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OpEdNews Op Eds    H3'ed 4/12/10

Budowsky Boosts Hillary for Supreme Court

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My guest today is political writer Brent Budowsky. Welcome to OpEdNews, Brent. I'd like to talk about your article today, Hillary for the court. Please tell us what makes Hillary such an inspired choice for the upcoming Supreme Court vacancy when Stevens retires in June.

First, Hillary would vote with progressives close to 100%. Second, Hillary adds clout on the Court for the progressive viewpoint. Third, Hillary has the skill, as Justice Stevens does, to sometimes persuade that extra justice to vote with the court liberals, and has the skill to to formulate legal opinions in a way that gets that 5th vote. The court has been moving even further to the right and it will take a powerful mind with legal and political creativity to prevent a wholesale legal calamity with the current court. Things are bad enough now on the court. The right nominee would be a strong force voting with the liberals and a smart tactician, as Stevens is, getting the 5th vote. That is a hard profile to fit, and Hillary fits it perfectly.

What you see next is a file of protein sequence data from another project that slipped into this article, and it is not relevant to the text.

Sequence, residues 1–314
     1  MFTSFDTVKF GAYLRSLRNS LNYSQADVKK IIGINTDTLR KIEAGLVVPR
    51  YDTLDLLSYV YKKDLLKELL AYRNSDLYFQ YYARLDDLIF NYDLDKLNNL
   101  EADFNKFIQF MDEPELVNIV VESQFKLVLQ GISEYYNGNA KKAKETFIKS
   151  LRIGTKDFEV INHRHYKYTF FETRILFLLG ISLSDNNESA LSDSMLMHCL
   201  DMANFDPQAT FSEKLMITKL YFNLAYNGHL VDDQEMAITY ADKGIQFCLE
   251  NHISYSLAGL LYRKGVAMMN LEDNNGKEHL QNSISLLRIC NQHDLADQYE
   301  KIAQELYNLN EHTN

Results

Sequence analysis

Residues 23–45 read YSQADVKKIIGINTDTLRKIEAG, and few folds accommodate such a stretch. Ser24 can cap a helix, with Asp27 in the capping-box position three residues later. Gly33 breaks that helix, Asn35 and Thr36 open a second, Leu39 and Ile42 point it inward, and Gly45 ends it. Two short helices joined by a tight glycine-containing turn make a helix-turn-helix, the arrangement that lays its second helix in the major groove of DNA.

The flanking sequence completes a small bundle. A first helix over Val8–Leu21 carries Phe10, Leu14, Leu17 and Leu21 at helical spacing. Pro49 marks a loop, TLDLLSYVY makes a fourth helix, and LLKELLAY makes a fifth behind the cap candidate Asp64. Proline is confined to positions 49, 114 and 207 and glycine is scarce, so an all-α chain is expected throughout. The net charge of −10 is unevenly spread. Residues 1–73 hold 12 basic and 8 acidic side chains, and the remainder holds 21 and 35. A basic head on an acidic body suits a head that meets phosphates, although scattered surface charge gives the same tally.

I don't recall hearing Hillary being mentioned for the job. Is she on the short list? On any list?

Hillary has not been mentioned by anyone within the WH. We don't know if she is on any lists. Even if she was, the WH would ever mention it because even a mention would set off a media circus. The WH did state today she was not under consideration but the denials have been weak so far. Some people privately like the idea. Even Republican Senator Hatch said he liked it. The reason I wrote the column was to make the case as persuasively as possible, elevate the idea with as many people as possible, and when the column runs in The Hill newspaper Tuesday it will be widely seen by Congress and White House staff.